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Commit 49d68678 authored by Adam Nelson's avatar Adam Nelson
Browse files

Pandoc setup for synthesis paper

parent 734debc4
thy_dir = ../..
thys = sumMonad uvmTypes uvmErrors uvmValues uvmMemory uvmIR uvmThreadsStacks uvmInstructionSemantics uvmScheduler
thy_names = $(patsubst %,$(thy_dir)/%Theory,$(thys))
thy_srcs = $(patsubst %,$(thy_dir)/%Script.sml,$(thys))
thy_files = $(patsubst %Theory,%Theory.sml,$(thy_names))
holdirfile = .holdir
pandoc_opts = +RTS -V0 -RTS
all: synthesis.pdf
if test -z "$$holdir"; then \
clear; \
echo "holdir is not defined. Where is HOL4 installed? [Type path, press ENTER]"; \
read holdir; \
fi; \
echo "" | $$holdir/bin/hol && \
echo "$$holdir" > $(holdirfile)
$(thy_files): $(holdirfile) $(thy_srcs)
cd $(thy_dir); $(shell cat $(holdirfile))/bin/Holmake
munge.exe: $(holdirfile) $(thy_files)
$(shell cat $(holdirfile))/bin/mkmunge.exe $(thy_names)
pandoc $(pandoc_opts) --toc --to=latex -o synthesis.htex
synthesis.tex: munge.exe synthesis.htex header.tex
cp -f header.tex synthesis.tex
./munge.exe < synthesis.htex >> synthesis.tex
echo '\end{document}' >> synthesis.tex
synthesis.pdf: synthesis.tex
pdflatex synthesis.tex
#pandoc $(pandoc_opts) -o synthesis.pdf synthesis.tex
rm synthesis.htex synthesis.tex synthesis.pdf
% !TEX TS-program = pdflatex
% !TEX encoding = UTF-8 Unicode
% LaTeX header adapted from TexWorks template "article".
\documentclass[11pt]{article} % use larger type; default would be 10pt
\usepackage[utf8]{inputenc} % set input encoding (not needed with XeLaTeX)
\usepackage{graphicx} % support the \includegraphics command and options
% \usepackage[parfill]{parskip} % Activate to begin paragraphs with an empty line rather than an indent
\usepackage{booktabs} % for much better looking tables
\usepackage{array} % for better arrays (eg matrices) in maths
%\usepackage{paralist} % very flexible & customisable lists (eg. enumerate/itemize, etc.)
\usepackage{verbatim} % adds environment for commenting out blocks of text & for better verbatim
\usepackage{subfig} % make it possible to include more than one captioned figure/table in a single float
% These packages are all incorporated in the memoir class to one degree or another...
\usepackage{fancyhdr} % This should be set AFTER setting up the page geometry
\pagestyle{fancy} % options: empty , plain , fancy
\renewcommand{\headrulewidth}{0pt} % customise the layout...
\title{A Formalization of the Mu Micro Virtual Machine in HOL4}
\author{Adam R. Nelson}
\date{April 3, 2017}
% \end{document} should be added by Makefile
The Mu Micro Virtual Machine is a specification for a language-neutral,
concurrency-friendly virtual machine. This paper describes a preliminary
logical formalization of Mu in the HOL4 interactive theorem prover. This
formalization can represent the nondeterministic execution of multithreaded Mu
programs, and supports pluggable memory models which will allow it to be
upgraded to model the C/C++11 memory model in the future.
# Background
## The Mu Micro Virtual Machine
The Mu project specification describes a virtual machine for managed languages.
The virtual machine uses a single-static-assignment intermediate representation,
similar to LLVM's IR but with a few notable changes. Instead of $\Phi$ nodes,
a "_goto_-with-values" semantics is used to rename SSA variables on block
## The HOL4 Interactive Theorem Prover
# Formalization Structure
## The Environment
A Mu program is represented in the formalization by an _environment_, which
contains the definitions loaded from the Mu bundles that make up the program.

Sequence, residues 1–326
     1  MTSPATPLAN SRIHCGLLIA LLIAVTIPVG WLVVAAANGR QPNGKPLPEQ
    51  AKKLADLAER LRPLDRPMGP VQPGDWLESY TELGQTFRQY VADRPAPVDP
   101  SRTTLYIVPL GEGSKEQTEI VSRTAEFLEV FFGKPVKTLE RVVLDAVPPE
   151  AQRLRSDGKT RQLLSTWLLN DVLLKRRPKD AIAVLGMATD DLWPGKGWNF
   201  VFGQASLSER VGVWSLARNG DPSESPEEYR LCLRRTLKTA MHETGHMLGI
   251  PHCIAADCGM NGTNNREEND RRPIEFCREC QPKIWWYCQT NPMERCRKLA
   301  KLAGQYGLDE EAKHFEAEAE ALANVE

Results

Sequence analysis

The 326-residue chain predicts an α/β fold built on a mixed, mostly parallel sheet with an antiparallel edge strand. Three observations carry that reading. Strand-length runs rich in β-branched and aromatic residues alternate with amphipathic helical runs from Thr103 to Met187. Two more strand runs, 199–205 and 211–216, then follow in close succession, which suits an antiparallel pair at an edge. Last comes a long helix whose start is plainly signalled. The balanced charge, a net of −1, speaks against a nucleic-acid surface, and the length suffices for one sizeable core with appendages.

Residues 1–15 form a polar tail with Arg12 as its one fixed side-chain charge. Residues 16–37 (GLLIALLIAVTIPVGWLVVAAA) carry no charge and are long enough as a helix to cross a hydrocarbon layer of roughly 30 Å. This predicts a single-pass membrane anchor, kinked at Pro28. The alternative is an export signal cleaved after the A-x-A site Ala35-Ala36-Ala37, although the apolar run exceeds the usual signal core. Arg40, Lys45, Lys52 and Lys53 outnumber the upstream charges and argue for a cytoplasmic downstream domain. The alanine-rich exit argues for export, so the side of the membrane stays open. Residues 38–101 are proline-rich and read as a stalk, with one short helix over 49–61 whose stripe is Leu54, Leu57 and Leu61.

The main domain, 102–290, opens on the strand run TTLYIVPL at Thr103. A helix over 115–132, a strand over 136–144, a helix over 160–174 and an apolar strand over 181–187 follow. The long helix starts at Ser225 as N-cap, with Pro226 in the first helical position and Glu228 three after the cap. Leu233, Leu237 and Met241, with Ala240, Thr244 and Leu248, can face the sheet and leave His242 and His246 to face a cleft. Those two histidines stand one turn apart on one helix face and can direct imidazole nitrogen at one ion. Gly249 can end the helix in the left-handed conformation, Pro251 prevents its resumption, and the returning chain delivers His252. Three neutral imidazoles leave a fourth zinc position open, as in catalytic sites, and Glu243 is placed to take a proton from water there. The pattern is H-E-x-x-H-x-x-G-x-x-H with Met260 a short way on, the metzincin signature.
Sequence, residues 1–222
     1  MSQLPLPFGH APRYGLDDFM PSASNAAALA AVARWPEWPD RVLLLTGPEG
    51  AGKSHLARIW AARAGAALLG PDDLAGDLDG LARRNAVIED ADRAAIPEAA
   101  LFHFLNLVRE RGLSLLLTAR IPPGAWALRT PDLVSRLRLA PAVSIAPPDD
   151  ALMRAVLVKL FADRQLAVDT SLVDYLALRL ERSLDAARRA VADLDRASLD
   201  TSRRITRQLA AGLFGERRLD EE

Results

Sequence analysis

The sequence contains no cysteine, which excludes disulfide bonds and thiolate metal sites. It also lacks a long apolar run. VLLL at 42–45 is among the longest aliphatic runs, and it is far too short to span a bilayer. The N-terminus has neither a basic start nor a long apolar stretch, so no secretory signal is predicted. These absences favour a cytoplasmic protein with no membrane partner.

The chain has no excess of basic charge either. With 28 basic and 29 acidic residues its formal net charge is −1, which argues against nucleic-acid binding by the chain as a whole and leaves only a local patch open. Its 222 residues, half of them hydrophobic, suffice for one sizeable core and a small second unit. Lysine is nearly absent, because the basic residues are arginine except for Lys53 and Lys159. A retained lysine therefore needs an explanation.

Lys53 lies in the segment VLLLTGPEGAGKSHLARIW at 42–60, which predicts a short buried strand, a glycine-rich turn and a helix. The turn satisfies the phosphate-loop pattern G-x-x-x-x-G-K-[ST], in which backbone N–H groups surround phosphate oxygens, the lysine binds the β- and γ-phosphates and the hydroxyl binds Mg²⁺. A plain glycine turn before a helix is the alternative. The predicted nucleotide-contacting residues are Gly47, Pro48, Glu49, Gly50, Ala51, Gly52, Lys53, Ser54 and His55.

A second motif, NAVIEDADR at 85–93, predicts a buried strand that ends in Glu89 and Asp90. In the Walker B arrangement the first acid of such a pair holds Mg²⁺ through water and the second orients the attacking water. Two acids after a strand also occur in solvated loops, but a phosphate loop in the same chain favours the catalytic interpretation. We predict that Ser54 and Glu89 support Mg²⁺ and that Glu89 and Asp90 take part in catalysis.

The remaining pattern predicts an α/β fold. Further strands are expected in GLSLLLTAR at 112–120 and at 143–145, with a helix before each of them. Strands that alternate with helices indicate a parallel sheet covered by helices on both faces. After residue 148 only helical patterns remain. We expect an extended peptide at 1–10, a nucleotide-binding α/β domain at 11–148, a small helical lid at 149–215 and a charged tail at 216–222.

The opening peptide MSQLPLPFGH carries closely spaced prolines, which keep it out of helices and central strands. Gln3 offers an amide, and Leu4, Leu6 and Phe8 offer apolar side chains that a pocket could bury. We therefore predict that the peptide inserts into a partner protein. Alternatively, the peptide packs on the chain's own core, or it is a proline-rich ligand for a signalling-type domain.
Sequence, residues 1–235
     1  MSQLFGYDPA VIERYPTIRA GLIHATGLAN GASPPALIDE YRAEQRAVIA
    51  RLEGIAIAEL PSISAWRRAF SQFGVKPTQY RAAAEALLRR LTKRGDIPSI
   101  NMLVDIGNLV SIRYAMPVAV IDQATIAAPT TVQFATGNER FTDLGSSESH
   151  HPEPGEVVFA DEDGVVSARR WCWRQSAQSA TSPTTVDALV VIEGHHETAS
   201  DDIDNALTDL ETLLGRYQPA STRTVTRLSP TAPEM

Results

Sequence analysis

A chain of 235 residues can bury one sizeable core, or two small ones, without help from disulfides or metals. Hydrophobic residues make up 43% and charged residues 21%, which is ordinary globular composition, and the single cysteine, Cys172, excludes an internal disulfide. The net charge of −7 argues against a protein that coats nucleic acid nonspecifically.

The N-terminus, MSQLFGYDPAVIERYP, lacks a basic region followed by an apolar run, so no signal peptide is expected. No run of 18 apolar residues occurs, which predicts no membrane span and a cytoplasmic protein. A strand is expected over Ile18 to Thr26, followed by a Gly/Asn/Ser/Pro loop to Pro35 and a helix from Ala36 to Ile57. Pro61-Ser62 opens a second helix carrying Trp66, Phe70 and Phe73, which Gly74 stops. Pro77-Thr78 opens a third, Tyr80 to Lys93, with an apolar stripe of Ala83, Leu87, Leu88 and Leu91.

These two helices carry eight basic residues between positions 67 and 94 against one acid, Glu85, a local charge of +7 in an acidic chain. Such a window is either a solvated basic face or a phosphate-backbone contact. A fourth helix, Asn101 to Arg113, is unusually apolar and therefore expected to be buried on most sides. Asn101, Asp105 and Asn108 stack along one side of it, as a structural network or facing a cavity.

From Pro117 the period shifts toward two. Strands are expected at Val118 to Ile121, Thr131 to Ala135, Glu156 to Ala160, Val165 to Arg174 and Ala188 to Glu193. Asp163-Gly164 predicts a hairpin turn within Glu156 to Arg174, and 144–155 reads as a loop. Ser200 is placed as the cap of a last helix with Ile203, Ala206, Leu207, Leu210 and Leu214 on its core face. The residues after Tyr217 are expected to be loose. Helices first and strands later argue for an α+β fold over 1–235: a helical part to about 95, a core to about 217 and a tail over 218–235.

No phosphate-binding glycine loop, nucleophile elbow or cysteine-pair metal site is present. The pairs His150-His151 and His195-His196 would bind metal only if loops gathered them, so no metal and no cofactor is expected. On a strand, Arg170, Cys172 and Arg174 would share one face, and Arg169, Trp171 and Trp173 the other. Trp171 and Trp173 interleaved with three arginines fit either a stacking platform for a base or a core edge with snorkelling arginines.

An environment consists of _types_, _function signatures_, _constants_, _global
cells_, _functions_, and _function versions_. Notably, each function may have
multiple versions, and function calls will always select the most recent
version of a function. The intent of this feature is to support on-stack
replacement, but the formalism does not model this yet.
Each function version is made up of a set of named _basic blocks_, one of which
is the _entry block_. Each block has a typed argument list, an optional exception
argument, a list of normal instructions, and a terminating instruction. Many Mu
instructions can only occur in terminating position, and thus instructions and
terminating instructions are disjoint types in the formalization.
To simplify code execution logic, several Mu instructions that could occur in
either terminating or non-terminating positions, such as function calls and
common instructions, may only occur in terminating position in the
formalization. This does not reduce the formalization’s expressive power, as
any Mu IR file can be made compatible with the formalization by splitting basic
blocks at these instructions and adding `EXC` clauses to branch to the
newly-introduced blocks. In the future, the parser may be modified to perform
this transformation automatically.
## Threads and Stacks
All Mu code is executed in one or more _threads_, and each thread has
a _stack_. The Mu VM supports generating, pausing, and resuming stacks, and
stack references can be passed as values.
A stack is made up of _frames_, each of which points to a function version and
has a state (one of `READY`, `ACTIVE`, or `DEAD`). Frame states in the
formalization contain more information than the frame states in the
specification; for example, the `ACTIVE` state contains a reference to the next
terminating instruction, and the `DEAD` state contains an optional return
A thread has a current stack, an _outbox_ of memory messages, and a finite map
of _registers_ to symbolic values. Each register is a pair of an SSA variable
and a block number. Every time a basic block is executed, the thread’s block
number is incremented; every time a value is assigned to an SSA variable, it is
stored in the register for that SSA variable and the current block number.
Executing an instruction may add to the outbox and the registers, but may not
remove anything from either.
Threads execute code one basic block at a time. A frame in the `READY` state
has a _destination block_ for both normal and (optionally) exceptional cases.
When the frame’s owning thread is resumed normally or exceptionally, it